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Posted on: August 4, 2015

Property Maintenance, the Nuisance Code and You

We all know there is that person – be it your neighbor, the person at the end of the street or maybe even ourselves –that continues to allow their yard to become overgrown, rubbish to pile up on their property or continues to add to their immobile vehicle collection. Did you know that existing Code Enforcement ordinances are in place to help combat these unsightly collections within the city limits? You can find the city’s codification of ordinances online at and see for yourself. The City’s Nuisance and Property Maintenance Code addresses several areas and is there to help mitigate these issues.

A few of the areas that we have had questions about at City Hall over the last few months have generally fallen into one of three areas – over grown yards, structures in disrepair and the disposal of storm damage debris.

The excessive growth of weeds, grass, or other vegetation, except for flowers or other ornamental vegetation, means a height of ten (10) inches or more. It also means keeping yards free of garbage, junked appliances and other materials including junked cars and trucks. You may ask what is the definition of a junked car or truck. The answer is simple, any vehicle that is found to be in one or more of the following conditions:

(1) Wrecked;
(2) Dismantled;
(3) Partially dismantled;
(4) Inoperative;
(5) Abandoned;
(6) Discarded;

The same definition also applies to junked appliances and other rubbish.

When it comes to mowing and maintaining our lawns, the issue of blowing yard waste into the public streets always seems to come up. It is a violation of the Nuisance and Property Maintenance code to dispose of yard waste in the public rights-of-way. Accumulation of yard waste on City streets causes several issues including clogging up City storm drains and other drain tiles, which can help to contribute to possible flooding issues during excessive rain events. Also, blowing grass and other debris into the road way can be a liability to the property owner as well by causing damage to passing or parked vehicles.

As for the issue of structures that are found to be a nuisance under the City’s Code, there are several areas of concern that are specifically outlined in sections 91.17 – 91.99 of the City Code of Ordinances, along with the provisions of the International Property Maintenance Code adopted within. The Code addresses issues of habitability, electrical, water, wastewater, heating and cooling standards as well as other general areas of maintenance. Typically, a person found to be in violation would be given a warning and a period of time to correct the problem. If the issue is not corrected or it has been determined to be a severe violation, the Code Enforcement Officer can issue a fine and order the property cleaned up at the owners expense and/or a lien placed on the property.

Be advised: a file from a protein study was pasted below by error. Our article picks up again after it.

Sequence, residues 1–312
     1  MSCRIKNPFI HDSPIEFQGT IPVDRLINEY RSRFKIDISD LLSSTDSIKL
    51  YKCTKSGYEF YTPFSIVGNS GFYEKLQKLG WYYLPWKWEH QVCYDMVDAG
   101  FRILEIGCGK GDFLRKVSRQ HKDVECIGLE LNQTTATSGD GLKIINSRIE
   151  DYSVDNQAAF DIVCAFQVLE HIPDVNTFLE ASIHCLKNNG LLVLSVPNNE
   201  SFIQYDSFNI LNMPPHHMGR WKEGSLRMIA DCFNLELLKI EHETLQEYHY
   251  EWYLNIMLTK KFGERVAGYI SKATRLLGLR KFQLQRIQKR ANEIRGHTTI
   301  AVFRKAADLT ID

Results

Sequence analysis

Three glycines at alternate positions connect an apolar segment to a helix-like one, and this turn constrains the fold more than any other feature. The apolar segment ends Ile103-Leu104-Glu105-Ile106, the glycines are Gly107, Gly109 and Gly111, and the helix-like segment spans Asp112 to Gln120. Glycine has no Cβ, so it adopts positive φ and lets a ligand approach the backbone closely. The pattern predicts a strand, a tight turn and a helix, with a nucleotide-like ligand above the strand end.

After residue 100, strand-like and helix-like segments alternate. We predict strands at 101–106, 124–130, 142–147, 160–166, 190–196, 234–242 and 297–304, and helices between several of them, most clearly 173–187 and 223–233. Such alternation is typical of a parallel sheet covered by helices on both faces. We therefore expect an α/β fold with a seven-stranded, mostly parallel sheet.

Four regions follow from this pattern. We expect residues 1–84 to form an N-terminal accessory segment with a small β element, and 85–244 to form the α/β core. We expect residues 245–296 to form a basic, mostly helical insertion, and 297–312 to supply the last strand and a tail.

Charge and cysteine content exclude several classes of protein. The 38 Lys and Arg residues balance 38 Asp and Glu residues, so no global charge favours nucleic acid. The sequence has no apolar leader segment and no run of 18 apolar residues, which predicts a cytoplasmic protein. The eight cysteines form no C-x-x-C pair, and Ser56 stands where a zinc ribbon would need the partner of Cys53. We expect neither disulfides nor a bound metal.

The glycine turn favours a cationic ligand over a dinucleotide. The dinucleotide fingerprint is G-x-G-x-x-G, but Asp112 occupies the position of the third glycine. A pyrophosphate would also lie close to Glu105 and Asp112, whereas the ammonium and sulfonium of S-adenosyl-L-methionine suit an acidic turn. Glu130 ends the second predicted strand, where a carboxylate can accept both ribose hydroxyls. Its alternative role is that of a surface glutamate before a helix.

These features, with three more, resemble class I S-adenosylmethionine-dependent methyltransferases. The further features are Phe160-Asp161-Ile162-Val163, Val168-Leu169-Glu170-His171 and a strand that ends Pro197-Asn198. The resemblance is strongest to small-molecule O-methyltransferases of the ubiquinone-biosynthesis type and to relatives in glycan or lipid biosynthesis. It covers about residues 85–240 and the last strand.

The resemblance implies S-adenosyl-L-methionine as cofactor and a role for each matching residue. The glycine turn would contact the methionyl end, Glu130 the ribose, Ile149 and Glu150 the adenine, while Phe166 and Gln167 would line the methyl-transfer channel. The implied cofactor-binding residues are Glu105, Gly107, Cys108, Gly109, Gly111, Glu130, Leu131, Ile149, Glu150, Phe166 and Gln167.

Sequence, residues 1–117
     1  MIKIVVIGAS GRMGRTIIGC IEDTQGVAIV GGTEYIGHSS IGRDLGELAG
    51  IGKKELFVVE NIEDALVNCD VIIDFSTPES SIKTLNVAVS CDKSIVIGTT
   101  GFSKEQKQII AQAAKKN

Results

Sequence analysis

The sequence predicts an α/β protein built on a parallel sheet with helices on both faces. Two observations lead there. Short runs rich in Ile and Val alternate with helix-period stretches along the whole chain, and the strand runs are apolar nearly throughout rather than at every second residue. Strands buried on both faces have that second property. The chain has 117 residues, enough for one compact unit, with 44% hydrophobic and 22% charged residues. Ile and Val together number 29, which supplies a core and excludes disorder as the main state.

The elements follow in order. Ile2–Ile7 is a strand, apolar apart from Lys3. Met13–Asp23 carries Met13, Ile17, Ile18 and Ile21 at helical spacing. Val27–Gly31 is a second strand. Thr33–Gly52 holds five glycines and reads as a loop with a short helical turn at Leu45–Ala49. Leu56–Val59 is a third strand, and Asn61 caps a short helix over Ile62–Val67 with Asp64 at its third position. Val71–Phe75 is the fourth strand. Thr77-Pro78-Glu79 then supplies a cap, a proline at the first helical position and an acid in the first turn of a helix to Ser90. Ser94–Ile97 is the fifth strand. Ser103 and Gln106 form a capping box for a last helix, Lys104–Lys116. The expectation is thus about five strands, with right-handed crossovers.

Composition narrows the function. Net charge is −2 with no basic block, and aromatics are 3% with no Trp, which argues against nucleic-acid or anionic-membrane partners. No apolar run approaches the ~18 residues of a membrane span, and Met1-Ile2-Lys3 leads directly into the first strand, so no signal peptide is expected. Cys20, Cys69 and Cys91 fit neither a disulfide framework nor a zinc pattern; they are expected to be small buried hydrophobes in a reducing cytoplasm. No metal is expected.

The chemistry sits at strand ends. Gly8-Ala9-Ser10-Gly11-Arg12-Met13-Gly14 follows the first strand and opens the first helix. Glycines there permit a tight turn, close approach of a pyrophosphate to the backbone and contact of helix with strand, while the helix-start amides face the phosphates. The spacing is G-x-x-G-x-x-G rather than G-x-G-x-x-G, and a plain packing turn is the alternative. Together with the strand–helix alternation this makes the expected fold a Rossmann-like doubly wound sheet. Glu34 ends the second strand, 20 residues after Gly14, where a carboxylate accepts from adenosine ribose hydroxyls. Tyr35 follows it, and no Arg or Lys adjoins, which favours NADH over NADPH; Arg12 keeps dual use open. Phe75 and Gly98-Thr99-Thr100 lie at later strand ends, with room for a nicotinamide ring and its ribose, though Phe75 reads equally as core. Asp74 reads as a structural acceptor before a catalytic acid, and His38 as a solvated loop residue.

If you have a concern regarding a property within the City limits of Greensburg, you should contact Greensburg City Hall and give a description of the problem and the address of the property and a Code Enforcement Officer will investigate. You can do that by either calling (270) 932-4298 or contacting us through the City’s web page at

Finally - the issue of what to do with “Storm Damage Debris” - during sever storm events the City Public Works Department will open up a window of time for residents to clean their yards of fallen debris and place it beside the roadway for pick up and disposal. During these times the City of Greensburg provides this service free of charge but only for debris caused by the storm event. Otherwise, the City will pick up brush and other yard waste on a fee basis. However, we have several yard services in the community that may provide this service at a much cheaper rate and we would encourage our residents to contact them for pricing.

If you have a question as to if your material qualifies for free pick or if you need to schedule to have your debris removed, simply contact Greensburg City Hall at (270) 932-4298.

The City of Greensburg is a great community to live, but like in all communities large or small, we have to keep in mind that how we maintain our property affects everyone around us and we have a responsibility to our neighbors and our fellow citizens to be good stewards of our community - not only for ourselves and our neighbors but for future generations of Greensburg and Green County.

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